Road BOOK RETROSPECTIVE
In the build-up to this weekend’s edition of Milan-Sanremo, have a read of Jasper Stuyven’s account of his victory in 2021, from The Road Book 2021. This essay was one of our editor, Ned Boulting’s favourite ‘Classics’ themed pieces and as such has been selected to join the Road Book Retrospective series.
Trek-Segafredo’s Jasper Stuyven was born and bred in Leuven, in the heart of the Flemish Brabant. Throughout his career, he was tipped to win one of the cobbled Monuments, and often he had come close. At the start of 2020, he won Omloop Het Nieuwsblad, his biggest one-day race win to date. But nothing prepared him for the moment when, a year later, he sprang a surprise attack on the outskirts of Sanremo to fend off the chasing pack of favourites and ride out a maiden Monument victory.
It was one of those nights at the hotel in Milan. We had a good dinner, talking with the guys. Everyone only spoke about the big three names. It was the same in our team. We had the meeting and we were all realistic: there were three guys who were doing really impressive stuff: Wout van Aert, Mathieu van der Poel and Julian Alaphilippe. But we had a goal, a plan. And we tried to do it as well as we possibly could.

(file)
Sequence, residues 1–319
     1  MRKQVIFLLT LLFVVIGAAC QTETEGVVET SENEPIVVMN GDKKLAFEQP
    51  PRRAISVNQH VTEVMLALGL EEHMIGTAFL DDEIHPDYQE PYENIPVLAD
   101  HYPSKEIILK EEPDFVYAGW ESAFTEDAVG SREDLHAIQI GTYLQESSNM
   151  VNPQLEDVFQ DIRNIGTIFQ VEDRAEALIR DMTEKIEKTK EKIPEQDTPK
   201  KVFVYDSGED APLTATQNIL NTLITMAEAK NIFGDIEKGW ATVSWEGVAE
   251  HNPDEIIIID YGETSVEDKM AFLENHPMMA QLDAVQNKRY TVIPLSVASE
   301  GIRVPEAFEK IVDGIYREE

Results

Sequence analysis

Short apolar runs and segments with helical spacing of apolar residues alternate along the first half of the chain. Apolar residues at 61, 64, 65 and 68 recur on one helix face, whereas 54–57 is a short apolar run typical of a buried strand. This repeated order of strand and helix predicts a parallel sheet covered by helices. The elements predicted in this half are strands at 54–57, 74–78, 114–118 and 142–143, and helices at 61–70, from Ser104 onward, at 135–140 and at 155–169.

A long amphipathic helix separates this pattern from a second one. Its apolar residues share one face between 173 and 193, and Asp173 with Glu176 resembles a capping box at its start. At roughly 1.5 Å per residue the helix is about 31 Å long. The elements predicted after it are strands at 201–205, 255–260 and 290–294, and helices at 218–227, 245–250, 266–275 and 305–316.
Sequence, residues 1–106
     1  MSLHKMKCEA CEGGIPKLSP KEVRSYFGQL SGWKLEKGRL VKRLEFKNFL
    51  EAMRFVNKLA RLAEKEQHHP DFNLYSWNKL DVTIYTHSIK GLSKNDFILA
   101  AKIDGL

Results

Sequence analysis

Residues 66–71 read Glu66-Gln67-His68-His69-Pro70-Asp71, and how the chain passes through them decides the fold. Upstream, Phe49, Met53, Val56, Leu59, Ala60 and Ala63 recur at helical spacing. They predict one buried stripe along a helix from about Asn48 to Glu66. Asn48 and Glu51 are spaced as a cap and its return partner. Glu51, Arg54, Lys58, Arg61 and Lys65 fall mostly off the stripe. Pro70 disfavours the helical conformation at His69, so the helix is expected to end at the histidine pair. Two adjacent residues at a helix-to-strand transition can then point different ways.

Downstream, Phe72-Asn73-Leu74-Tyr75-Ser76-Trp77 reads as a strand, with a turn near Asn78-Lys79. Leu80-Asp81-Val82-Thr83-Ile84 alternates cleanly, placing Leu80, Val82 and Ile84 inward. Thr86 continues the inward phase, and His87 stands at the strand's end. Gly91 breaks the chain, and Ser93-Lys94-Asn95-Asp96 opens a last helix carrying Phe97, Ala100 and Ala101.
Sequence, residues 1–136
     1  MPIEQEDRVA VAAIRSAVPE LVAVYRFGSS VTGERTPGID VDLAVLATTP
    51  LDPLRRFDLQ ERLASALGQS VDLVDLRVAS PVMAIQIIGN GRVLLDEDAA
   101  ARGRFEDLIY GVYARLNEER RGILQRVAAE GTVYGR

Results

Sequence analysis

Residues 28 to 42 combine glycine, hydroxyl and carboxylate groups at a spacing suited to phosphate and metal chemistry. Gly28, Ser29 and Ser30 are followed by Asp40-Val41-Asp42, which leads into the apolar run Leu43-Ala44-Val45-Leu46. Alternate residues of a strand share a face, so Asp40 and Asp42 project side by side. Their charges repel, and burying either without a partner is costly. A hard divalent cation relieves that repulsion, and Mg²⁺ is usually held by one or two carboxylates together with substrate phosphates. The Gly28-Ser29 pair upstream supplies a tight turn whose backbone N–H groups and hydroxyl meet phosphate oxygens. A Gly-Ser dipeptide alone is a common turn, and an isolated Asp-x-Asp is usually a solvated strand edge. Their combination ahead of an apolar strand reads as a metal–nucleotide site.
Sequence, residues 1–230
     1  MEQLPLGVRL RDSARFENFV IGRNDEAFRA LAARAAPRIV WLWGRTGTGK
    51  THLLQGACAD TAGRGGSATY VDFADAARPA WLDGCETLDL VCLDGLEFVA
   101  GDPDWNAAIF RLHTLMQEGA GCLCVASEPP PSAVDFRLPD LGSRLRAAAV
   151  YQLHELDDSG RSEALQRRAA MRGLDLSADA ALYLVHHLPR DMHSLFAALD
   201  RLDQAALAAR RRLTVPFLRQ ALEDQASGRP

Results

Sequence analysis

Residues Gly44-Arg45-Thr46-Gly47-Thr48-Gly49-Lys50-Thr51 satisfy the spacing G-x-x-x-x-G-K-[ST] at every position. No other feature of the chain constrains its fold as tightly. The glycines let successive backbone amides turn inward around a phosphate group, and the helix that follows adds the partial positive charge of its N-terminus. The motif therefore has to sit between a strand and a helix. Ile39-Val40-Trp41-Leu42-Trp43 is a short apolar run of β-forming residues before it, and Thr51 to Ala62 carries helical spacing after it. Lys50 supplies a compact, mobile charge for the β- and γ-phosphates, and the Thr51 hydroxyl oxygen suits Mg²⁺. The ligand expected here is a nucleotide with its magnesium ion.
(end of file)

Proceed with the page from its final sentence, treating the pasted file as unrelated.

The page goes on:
I was confident. For a few days, I had been feeling really good. I spoke to Ryan Mullen for a long time. Ryan’s on the Classics team with me, and we have a good relationship. I told him that I wanted to avoid every little bit of wind that I possibly could with him in front of me, that it might make a difference. I was counting on Ryan quite specifically to go to the next level to protect me. It might just give me a chance of winning the race. I truly believed it was possible. I came to the race with a little bit of a different mindset from in previous years, and I really had my views on how to race it.
You need to be wide awake at the start. In every team meeting they always mention the tram tracks in Milan. Every time I have raced Milan–Sanremo there have always been some crashes there. This year I didn’t hear or see any, but there are always guys who don’t make it to the official start because of a crash in the neutral roll-out. It has its charm.